The history of life on earth is surely one of the most fascinating subjects in the world. Paleontology is a compelling area of study – if only for the sense of perspective that it brings. Since I’m an old man, I can still remember learning in biology class back in the 60’s about a very dramatic and thought-provoking demonstration done only ten years earlier by Miller and Urey – in which “living” amino acids were created in the laboratory from scratch. “What? Spontaneous Generation?” we exclaimed. I simplify, but what they did was to pass an electrical charge for a couple of days though a big Mason jar filled with an “early earth” mixture of ammonia and something like Gatorade.

“Yikes!'” we said back then. And “Yikes!” is what we continue to say. For today’s scientists are revealing to us an increasingly detailed account of the evolution of life – from our earliest, single celled beginnings up to the current morass.

I heartily recommend the study of paleontology and geology (and indeed all the “hard” sciences) for the enlightening perspective they provide. Besides, it’s fun stuff.

As a non-scientist, I dabble in these various popular science books. There are lots of them. Here are a couple of reviews. Like anything else, you pick up a little from each one. I rarely read one cover to cover. Ever the cheapskate, I take them out from the library. I return them, sometimes I take them out a couple of times. Kinda like dating. Most, I regret to say, of these “popular” science books (like a lot of those dates) feature an awful lot of unnecessary fluff: cutesy, anectdotal, generally a personal sort of verbage – which of course is designed to hold the lay reader’s attention. Actually, much of the historical information about the great scientists, and even about the authors’ own research experiences, is very interesting. But when it comes to non-fiction, I’m a “just the facts, ma’am” kind of guy. I like to see the numbers, the charts and graphs. Most of all, I like to try to get to the underlying principles, those fundamental principles that underly and govern this illusory world we see.

There’s a kot to think about, and there’s so much in these books to get you thinking. And despite some cynical claims to the contrary, thinking is generally a beneficial activity. Most of us think, nay, we believe, that it’s good to think: good to ponder, to puzzle, to learn more….Hey, soon you’re reaching for another book. There are a kazillion of books about Darwin and Evolution. The libraries are full of them. And indeed, Darwin was a monumental genius. Quotations from Darwin appear profusely in most of these books and they are often the most insightful selections. img_0881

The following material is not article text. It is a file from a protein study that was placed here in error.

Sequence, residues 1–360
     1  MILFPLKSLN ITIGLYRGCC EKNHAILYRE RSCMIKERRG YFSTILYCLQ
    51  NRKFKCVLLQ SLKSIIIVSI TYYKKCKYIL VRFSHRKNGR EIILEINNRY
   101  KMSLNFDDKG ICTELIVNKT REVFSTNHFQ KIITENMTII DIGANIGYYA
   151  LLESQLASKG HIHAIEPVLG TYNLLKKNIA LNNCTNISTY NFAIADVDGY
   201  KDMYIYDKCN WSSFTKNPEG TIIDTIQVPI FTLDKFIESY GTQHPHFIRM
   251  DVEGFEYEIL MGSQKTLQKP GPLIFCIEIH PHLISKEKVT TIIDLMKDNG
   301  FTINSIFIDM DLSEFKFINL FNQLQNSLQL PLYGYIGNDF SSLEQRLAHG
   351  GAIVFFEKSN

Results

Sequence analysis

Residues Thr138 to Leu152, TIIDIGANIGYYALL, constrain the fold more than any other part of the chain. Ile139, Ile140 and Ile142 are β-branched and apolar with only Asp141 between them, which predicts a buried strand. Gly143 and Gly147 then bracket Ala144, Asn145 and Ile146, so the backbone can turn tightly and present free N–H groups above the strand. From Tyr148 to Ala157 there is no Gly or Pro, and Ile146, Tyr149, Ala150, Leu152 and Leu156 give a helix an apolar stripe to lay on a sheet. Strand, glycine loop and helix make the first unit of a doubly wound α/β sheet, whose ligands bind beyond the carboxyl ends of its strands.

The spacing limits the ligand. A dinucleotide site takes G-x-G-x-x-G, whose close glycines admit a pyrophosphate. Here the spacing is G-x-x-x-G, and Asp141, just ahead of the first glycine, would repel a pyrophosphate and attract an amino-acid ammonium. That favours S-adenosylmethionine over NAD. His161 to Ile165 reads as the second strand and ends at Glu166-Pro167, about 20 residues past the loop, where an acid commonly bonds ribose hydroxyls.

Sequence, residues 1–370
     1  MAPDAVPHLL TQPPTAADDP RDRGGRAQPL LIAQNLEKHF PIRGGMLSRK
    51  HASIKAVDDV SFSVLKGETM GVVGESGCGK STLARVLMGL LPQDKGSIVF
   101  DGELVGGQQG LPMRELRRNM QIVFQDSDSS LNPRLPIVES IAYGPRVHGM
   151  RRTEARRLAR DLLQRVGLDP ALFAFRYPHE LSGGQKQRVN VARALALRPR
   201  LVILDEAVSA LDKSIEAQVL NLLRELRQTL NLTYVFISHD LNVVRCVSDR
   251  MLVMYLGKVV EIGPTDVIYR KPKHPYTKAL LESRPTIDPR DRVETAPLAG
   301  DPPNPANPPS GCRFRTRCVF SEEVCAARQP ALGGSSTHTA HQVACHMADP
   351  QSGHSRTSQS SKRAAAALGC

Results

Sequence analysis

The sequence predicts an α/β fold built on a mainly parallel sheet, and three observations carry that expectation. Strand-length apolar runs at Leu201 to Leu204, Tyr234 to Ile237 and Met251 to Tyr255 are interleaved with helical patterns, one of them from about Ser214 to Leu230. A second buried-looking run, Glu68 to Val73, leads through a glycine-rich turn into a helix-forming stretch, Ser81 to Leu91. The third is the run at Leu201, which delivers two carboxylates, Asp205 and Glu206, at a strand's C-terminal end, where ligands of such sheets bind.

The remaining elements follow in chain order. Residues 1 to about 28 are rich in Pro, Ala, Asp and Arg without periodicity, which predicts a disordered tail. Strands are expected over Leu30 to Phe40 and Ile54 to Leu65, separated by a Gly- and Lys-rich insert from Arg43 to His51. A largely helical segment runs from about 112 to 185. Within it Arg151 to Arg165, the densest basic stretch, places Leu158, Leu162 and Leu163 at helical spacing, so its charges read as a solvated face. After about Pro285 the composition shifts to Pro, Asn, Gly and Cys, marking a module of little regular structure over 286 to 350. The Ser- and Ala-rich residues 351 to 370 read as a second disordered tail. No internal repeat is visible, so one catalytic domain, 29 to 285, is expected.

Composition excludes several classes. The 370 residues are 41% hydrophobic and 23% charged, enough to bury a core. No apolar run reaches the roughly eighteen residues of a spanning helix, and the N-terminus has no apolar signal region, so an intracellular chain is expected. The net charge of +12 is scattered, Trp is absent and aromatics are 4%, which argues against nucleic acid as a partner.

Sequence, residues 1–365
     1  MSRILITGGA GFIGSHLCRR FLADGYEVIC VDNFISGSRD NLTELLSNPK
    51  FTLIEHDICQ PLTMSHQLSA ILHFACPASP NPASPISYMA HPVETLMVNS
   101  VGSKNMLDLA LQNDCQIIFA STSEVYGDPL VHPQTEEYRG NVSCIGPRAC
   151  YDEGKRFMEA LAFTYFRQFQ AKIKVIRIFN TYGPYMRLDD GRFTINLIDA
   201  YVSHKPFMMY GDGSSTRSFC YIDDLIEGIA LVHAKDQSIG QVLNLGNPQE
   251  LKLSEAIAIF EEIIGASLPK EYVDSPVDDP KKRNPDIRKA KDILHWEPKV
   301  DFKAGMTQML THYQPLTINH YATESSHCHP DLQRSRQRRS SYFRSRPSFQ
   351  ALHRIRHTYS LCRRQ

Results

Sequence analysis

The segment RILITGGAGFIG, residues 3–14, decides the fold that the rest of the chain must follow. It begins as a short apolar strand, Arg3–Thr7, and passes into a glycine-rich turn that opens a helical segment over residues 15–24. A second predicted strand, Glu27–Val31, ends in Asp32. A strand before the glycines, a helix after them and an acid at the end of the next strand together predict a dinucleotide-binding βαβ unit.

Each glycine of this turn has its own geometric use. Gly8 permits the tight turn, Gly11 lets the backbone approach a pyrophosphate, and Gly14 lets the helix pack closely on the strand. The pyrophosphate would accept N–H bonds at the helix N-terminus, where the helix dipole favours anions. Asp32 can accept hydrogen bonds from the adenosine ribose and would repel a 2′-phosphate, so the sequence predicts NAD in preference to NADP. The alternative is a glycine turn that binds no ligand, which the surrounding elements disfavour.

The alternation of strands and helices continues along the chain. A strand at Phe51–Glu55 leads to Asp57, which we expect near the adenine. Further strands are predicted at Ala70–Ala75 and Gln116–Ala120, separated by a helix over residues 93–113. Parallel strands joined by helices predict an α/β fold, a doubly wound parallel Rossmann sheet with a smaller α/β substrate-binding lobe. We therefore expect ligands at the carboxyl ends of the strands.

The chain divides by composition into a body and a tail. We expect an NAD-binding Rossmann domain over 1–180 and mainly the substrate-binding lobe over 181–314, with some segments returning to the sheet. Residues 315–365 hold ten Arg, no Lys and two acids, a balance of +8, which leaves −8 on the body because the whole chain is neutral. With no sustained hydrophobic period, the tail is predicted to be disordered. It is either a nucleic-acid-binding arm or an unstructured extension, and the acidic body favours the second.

Origins of Existence by Fred Adams, 2002.

This 222 page book provides an excellent overview of the fundamental physical laws that govern our universe, and considers the quandaries facing today’s cosmologists and biologists. Beginning with a fine, amazingly clear and concise, description of the fundamental physical forces and particles, Prof Adams describes the Big Bang creation. He then methodically presents chapters on the Universe, the Galaxies, the Stars, the Planets and finally, in the second part of the book, he tackles the subject of Life. Quite a fine book, featuring an excellent glossary and bibliography.

Life On a Young Planet by Andrew H. Knoll 2003.

An ambitious attempt to review, and put into context, much of the recent (well, 1999) paleontological finds concerning life’s earliest beginnings. The introduction is good, but Knoll goes over this reviewer’s head with technical detail, personal asides and reminiscences.

History of Creation by Bill Mesler and H. James Cleaves II

Brief review: not so hot.

The Sixth Extinction – An Unnatural History by Elizabeth Kolbert, 2014

This highly popular book presents a fine history of the science of paleontology. But it soon devolves (please excuse the closeness of the metaphor) into a series long-winded, political arguments about declaring an “Anthropocene”, or “Sixth Extinction” stratigraphic category. The book , further “devolves” into a “personal journey” about the author’s reportage about a number of various climate studies and investigations around the globe. The case for defining a new geological era is not particularly interesting, and from a stratigraphic view, unnecessary. However, I found it very interesting to learn about the previous five great extinctions.

Cradle of Life – The Discovery of Earth’s Earliest Fossils  by J. William Schopf. 1999

When Schopf is lecturing he’s great. There’s a lot of technical detail, which requires, for me, a lot of work to understand. The chemistry of that describes the workings of the genomes, the electron microscopy etc. all require a bit (OK, a lot) of time. But the explanations are clear. Thumbs up.

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